Way to collide with Andromeda|
(Top Posts - Science - 011605)
(Original post made April 27, 2000, updated January 16, 2005)
Plan? Looks like a natural event (free of
so-called 'intelligent design' [i.e., God]), to me ...
no longer available)
"Stick around for about 3 billion years,
and you should be in for a spectacular show.
Of course, if you want to see the whole thing, you’ll
have to live an additional billion years or so, give or
take a few centuries.
Using one of the most powerful computers on the
planet, scientists have found more evidence that
our Milky Way galaxy, with about 400 billion stars
including the sun, is on a collision course with a
somewhat larger galaxy, Andromeda. ..."
April 14, 2000
three billion years, the Milky Way will be
swallowed up and merged with the Andromeda galaxy.”
2.2-million-light-year gap between the Milky Way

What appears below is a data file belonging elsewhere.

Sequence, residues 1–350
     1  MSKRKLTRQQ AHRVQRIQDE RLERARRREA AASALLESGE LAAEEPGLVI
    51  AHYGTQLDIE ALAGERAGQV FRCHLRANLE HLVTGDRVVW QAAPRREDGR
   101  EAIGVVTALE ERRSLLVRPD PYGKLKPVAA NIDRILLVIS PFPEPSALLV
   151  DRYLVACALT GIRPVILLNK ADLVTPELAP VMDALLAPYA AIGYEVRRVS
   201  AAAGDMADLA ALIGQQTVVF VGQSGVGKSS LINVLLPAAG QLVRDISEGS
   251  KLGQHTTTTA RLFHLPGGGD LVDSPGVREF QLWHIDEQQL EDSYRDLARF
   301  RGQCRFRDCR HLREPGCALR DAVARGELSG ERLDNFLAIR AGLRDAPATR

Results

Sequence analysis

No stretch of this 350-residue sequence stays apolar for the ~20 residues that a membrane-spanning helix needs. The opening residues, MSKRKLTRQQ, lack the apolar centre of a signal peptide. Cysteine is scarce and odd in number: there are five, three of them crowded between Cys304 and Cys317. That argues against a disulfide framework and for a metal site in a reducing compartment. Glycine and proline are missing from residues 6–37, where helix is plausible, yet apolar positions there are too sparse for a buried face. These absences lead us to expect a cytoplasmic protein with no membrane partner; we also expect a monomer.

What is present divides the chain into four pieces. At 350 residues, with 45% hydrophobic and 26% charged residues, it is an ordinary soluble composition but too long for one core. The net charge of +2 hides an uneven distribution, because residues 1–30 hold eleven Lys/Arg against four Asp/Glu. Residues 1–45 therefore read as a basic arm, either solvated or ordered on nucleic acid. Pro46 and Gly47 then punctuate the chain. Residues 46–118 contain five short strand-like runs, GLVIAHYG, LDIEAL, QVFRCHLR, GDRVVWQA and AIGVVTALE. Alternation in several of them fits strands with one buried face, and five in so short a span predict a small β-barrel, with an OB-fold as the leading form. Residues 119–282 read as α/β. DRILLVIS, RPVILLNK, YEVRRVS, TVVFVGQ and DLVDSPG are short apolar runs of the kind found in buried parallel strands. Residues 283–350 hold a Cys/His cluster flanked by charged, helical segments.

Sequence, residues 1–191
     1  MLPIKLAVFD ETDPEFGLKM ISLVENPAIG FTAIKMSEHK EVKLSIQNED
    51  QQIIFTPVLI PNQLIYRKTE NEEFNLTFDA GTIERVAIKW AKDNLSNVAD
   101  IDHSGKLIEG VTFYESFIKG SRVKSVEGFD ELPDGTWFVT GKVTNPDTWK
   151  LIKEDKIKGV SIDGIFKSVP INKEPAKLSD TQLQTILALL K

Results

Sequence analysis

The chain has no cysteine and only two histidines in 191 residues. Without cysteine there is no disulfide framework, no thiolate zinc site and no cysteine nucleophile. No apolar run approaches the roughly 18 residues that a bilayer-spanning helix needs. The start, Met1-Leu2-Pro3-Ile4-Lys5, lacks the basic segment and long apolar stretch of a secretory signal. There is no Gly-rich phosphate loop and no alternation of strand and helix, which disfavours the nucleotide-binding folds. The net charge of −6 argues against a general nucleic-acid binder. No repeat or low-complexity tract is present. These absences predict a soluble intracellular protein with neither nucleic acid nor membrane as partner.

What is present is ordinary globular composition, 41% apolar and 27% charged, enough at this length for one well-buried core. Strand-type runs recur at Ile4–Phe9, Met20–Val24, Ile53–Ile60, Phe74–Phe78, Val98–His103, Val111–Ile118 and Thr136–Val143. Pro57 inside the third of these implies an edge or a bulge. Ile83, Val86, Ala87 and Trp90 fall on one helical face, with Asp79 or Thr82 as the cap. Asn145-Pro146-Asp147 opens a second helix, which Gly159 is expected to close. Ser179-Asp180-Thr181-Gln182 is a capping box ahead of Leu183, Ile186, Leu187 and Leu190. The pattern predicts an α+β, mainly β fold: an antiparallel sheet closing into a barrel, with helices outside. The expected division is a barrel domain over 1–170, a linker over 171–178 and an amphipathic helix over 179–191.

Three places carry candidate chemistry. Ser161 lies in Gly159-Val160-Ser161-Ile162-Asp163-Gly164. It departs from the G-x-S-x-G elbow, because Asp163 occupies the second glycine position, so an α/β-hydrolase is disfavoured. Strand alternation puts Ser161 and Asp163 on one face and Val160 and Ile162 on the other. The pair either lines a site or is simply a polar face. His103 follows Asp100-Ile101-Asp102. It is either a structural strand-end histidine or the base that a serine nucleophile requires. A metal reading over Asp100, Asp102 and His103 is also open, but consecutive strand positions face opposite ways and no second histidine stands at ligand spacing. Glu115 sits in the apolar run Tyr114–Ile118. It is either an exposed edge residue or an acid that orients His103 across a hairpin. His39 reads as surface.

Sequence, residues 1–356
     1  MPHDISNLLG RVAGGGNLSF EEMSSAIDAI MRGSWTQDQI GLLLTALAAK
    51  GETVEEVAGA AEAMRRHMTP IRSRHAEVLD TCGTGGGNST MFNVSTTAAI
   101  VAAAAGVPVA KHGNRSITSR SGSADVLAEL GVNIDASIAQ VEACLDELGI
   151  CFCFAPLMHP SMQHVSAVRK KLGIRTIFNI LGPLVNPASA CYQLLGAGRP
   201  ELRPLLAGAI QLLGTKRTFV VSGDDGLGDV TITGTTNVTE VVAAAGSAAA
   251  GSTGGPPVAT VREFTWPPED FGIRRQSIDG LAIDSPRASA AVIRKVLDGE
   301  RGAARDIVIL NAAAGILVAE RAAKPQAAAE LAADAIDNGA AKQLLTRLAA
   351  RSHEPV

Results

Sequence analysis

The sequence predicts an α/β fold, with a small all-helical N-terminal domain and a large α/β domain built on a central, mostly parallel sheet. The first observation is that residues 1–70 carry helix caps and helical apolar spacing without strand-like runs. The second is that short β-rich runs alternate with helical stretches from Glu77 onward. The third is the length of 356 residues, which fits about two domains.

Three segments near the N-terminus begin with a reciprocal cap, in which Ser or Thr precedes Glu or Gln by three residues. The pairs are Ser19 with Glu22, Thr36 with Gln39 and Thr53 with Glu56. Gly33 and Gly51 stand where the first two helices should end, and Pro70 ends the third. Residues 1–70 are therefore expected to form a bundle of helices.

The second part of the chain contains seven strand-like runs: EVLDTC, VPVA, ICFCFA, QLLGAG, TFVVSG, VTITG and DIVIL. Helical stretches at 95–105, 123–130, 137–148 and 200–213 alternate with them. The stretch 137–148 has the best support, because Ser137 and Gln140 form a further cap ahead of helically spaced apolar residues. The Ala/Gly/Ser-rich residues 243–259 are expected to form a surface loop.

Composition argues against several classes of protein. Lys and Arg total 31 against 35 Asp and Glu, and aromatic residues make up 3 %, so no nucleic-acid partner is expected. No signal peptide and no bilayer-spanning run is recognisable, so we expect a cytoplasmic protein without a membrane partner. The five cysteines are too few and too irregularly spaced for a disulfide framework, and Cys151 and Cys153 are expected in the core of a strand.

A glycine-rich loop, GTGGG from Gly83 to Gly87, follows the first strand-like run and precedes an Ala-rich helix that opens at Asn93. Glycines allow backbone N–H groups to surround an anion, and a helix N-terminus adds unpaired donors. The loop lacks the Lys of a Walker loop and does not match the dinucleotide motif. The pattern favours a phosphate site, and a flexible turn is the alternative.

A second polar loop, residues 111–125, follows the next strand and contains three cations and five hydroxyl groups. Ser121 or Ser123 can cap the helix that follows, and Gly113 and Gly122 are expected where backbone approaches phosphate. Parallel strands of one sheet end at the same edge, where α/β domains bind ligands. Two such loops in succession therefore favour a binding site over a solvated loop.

and Andromeda is closing at about 500,000 kilometres
an hour, he explains. That pace will quicken as the two
galaxies near each other.
life on Earth – whatever it may be – will probably live
through and witness the entire merger over the billion-year
dance of the two galaxies, he says. The reason is that the
expected lifetime of our sun is projected to last another
five billion years. Plus, the likelihood of stars and planets
slamming into each other is very low because the distance
between them is so vast. The interaction will be “collision-
less,” with the most significant effect involving huge gravi-
tational distortions of the systems as they coalesce.
some point three billion years hence, the night sky will
be completely filled by the approaching Andromeda galaxy
and when the two galaxies intersect there will be two bands
of light arching overhead – looking like two Milky Ways,
says Dubinski. With the merger, two possible fates await
the sun and Earth – we could be flung into the depths of
intergalactic space and escape the galaxy forever or hurled
into the centre of the merging pair where new stars will be
for those on Earth, it will be a spectacular display of
galactic fireworks, he says. Massive stars near the sun will
be exploding as supernovae at such a rate that the night sky
will be bright enough to read a newspaper.